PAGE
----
The American army had received various re-enforcements: the most efficient was Morgan's corps of riflemen, sent by Washington. He had also furnished it with artillery. It was now about ten thousand strong. Schuyler, finding himself and his proffered services slighted by Gates, had returned to Albany. His patriotism was superior to personal resentments. He still continued to promote the success of the campaign, exerting his influence over the Indian tribes, to win them from the enemy. At Albany, he held talks and war feasts with deputations of Oneida, Tuscarora, and Onondaga warriors; and procured scouting parties of them, which he sent to the camp, and which proved of great service. His former aide-de-camp, Colonel Brockholst Livingston, and his secretary, Colonel Varick, remained in camp, and kept him informed by letter of passing occurences. They were much about the person of General Arnold, who, since his return from relieving Fort Stanwix, commanded the left wing of the army. Livingston, in fact, was with him as aide-de-camp. The jealousy of Gates was awakened by these circumstances. He knew their attachment to Schuyler, and suspected they were prejudicing the mind of Arnold against him; and this suspicion may have been the origin of a coolness and neglect which he soon evinced toward Arnold himself. These young officers, however, though devotedly attached to Schuyler from a knowledge of his generous character, were above any camp intrigue. Livingston was again looking forward with youthful ardor to a brush with the enemy; but regretted that his former chief would not be there to lead it. "Burgoyne," writes he to Schuyler exultingly, “is in such a situation, that he can neither advance nor retire without fighting. A capital battle must soon be fought. I am chagrined to the soul when I think that another person will reap the fruits of your labors." 2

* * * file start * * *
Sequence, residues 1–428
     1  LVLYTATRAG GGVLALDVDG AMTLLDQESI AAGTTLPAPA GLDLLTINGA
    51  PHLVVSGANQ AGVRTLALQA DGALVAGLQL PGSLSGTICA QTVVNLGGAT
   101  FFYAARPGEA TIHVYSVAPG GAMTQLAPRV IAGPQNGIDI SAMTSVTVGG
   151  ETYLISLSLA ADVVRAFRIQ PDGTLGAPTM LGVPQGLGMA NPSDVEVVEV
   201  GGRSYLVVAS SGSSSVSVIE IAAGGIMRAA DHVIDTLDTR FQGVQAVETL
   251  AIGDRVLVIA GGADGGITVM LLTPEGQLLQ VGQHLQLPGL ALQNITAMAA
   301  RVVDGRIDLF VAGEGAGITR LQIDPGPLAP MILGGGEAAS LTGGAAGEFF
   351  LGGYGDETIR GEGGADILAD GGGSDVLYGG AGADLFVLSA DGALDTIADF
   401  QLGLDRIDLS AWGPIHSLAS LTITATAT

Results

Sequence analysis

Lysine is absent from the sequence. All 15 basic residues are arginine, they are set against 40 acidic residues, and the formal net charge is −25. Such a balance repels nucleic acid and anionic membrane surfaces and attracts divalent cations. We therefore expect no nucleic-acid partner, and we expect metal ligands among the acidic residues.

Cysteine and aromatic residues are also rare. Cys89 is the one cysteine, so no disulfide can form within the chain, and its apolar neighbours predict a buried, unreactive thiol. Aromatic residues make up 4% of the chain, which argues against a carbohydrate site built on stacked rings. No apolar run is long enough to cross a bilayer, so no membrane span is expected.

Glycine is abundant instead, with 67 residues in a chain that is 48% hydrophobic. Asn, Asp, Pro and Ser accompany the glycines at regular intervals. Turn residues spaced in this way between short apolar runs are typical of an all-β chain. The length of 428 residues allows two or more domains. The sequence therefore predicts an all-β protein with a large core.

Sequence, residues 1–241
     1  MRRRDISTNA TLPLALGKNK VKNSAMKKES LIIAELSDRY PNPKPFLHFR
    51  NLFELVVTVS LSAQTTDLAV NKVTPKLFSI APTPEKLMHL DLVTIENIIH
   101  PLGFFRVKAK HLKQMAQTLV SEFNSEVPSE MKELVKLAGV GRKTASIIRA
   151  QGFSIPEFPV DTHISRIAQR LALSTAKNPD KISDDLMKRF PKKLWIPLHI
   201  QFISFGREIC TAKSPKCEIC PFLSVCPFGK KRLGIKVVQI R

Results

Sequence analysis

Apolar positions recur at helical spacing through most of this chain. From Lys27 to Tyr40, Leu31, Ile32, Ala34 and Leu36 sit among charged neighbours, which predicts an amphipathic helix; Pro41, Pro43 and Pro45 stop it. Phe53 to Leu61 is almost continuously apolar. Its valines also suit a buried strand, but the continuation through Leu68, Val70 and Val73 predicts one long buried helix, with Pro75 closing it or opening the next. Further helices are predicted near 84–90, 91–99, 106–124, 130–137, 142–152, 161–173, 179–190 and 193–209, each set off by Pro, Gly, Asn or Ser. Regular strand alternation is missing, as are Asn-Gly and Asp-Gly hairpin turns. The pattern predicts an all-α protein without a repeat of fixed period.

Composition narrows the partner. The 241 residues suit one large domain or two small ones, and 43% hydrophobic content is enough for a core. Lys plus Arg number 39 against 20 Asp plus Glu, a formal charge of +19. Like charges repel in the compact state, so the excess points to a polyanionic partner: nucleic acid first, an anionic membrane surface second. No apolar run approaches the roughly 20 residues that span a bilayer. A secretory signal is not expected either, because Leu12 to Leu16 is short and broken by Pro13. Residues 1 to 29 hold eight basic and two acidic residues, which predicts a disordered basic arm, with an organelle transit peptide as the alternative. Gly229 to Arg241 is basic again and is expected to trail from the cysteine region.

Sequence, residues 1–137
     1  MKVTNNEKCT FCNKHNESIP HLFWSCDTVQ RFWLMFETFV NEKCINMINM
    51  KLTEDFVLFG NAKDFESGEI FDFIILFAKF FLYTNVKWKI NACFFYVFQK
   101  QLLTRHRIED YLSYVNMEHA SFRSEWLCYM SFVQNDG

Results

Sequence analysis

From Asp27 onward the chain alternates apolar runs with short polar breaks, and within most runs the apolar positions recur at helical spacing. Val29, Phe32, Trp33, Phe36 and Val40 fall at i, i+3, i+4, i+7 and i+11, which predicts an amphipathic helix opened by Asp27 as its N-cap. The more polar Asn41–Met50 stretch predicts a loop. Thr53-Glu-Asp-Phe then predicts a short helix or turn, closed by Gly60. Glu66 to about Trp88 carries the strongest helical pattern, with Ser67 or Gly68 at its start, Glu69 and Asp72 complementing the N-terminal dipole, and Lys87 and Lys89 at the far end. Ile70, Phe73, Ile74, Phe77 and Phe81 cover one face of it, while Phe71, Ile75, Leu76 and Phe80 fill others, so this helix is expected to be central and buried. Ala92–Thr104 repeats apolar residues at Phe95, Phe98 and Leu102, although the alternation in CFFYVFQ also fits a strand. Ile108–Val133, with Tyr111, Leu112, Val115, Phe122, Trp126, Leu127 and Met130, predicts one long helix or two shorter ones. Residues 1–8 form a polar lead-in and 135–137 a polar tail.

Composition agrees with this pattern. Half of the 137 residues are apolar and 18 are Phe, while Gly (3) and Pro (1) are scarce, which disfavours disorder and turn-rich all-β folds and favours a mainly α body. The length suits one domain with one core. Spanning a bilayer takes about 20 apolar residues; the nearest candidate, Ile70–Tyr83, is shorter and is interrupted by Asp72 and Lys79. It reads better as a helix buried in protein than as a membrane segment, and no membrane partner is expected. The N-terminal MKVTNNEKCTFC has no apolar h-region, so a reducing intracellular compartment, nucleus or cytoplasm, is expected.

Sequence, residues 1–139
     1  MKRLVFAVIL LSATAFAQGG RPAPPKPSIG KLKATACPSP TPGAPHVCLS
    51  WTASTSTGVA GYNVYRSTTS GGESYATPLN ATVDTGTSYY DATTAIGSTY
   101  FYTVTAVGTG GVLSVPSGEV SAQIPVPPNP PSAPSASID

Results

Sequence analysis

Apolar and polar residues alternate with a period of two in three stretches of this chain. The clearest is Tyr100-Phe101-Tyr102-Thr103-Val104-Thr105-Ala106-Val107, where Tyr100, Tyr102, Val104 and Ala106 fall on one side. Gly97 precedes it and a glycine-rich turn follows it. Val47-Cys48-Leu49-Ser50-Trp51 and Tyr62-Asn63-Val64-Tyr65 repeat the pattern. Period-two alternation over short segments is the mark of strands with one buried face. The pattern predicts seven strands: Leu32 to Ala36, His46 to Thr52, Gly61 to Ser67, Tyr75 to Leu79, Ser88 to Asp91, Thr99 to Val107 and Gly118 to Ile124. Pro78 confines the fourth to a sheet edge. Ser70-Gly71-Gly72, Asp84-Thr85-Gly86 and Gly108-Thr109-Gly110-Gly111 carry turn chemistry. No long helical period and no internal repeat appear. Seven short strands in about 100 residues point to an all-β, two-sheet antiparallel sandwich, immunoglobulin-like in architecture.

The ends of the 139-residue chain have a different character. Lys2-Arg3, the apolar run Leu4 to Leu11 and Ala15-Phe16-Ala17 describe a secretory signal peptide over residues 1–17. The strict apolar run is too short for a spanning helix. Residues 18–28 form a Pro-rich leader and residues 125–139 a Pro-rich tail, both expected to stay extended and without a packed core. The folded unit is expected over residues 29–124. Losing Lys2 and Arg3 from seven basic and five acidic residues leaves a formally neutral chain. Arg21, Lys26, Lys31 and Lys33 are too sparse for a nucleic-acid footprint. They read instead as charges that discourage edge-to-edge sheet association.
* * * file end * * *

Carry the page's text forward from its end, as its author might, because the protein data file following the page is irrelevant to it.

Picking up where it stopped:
Colonel Varick, equally eager, was afraid Burgoyne might be decamping. "His evening guns," writes he, are seldom heard, and when heard, are very low in sound." "

The dense forests, in fact, which covered the country between the hostile armies, concealed their movements, and as Gates threw out no harassing parties, his information concerning the enemy was vague. Burgoyne, however, was diligently collect

1 Riedesel's Memoirs.

2 MS. Letter to Schuyler:

s ldem.